Author : Madeline Miller
Publisher: Little, Brown, and Company
Publication Date: 04/05/18
“All this while, I have been a weaver without wool, a ship without the sea. Yet now look where I sail.”
I was not expecting the intensity of enjoyment I would find in this title. Completely blown away.
This novel had one of those ‘mic drop’ endings that was so beautiful and powerful that I just sat for a moment, staring into nothingness--just in total awe of this author’s skill with storytelling. This will without-a-doubt be one of my favorite reads of 2018.
Circe centers around the tale of Circe, daughter of Helios and one of the first witches in historical story telling. After some brief family drama and an incident where Circe uses her powers to do evil and harm to another, Circe is exiled to a remote island to live out eternity in solitude. On this island she discovers more about her powers than she ever thought possible, while also discovering much about her own soul and desires.
But this story isn’t just about Circe. Miller weaves in the stories of other immortals and mortals alike, as they cross paths with Circe’s destiny. Since Circe is immortal, this novel spans a timeline of hundreds of years, creating a tale of epic proportions (while including characters along the way from other historically famous epics). Circe goes through a multitude of experiences on the pages of this novel. She experiences love, betrayal, heartbreak, and loss–all while being a cast-away on her exiled prison.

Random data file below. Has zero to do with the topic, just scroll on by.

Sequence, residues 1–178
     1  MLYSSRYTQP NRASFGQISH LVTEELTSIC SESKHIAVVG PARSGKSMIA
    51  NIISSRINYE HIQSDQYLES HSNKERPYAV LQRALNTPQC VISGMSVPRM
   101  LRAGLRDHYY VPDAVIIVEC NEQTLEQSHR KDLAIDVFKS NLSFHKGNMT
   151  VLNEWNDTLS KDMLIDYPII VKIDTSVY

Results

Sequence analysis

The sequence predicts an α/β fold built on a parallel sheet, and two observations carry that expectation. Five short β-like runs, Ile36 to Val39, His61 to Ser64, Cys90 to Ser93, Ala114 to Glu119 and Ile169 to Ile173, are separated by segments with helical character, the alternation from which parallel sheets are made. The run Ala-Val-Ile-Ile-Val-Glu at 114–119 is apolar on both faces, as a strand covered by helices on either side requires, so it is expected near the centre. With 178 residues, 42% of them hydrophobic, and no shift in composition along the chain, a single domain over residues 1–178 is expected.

“I had no right to claim him, I knew it. But in a solitary life, there are rare moments when another soul dips near yours, as stars once a year brush the earth. Such a constellation was he to me.”
Miller’s writing is lyrical and powerful, without being flowery and exhaustive. And she has provided an empathetic and soulful connection to these well-known stories in Greek mythology that I have never seen an author create before. I already knew the outcome for many of the characters in this story, but the originals were always told with such a matter-of-fact-ness and without any touches of emotion, that I have never truly felt a connection with any of the characters. But in Circe, I felt such intense emotions for several of the characters’ stories– feelings that I never knew for those characters before Miller’s writing. This novel is an ART. Plain and simple. Retellings are a hard thing to do, and even harder to do it right–with the historical respect for the originals, but with enough grace and talent to create something entirely unique in itself.
Madeline Miller is an artist.
“Only that: we are here. This is what it means to swim in the tide, to walk the earth and feel it touch your feet. This is what it means to be alive.”
**Also–While reading this novel, there were one or two quick mentions of Achilles and his lover, Patroclus. I knew that Miller also had a previously released novel titled The Song of Achilles, so I did a little quick digging to see the synopsis and reviews for that novel and– holy cow, guys– this author has won me over. That title takes the historically speculated and debated relationship of Achilles and Patroclus and repaints it into Miller’s rendition of Achilles’ story as a person and a gay man in love– making his character the priority instead of his battles and achievements– which I am SO thrilled to read! I will be pre-ordering a hardcopy of Circe, and also ordering The Song of Achilles, because I am just so in love with her writing.
Thank you to Madeline Miller and Little, Brown, & Co. for providing me with a DRC of this novel via NetGalley in exchange for an honest review.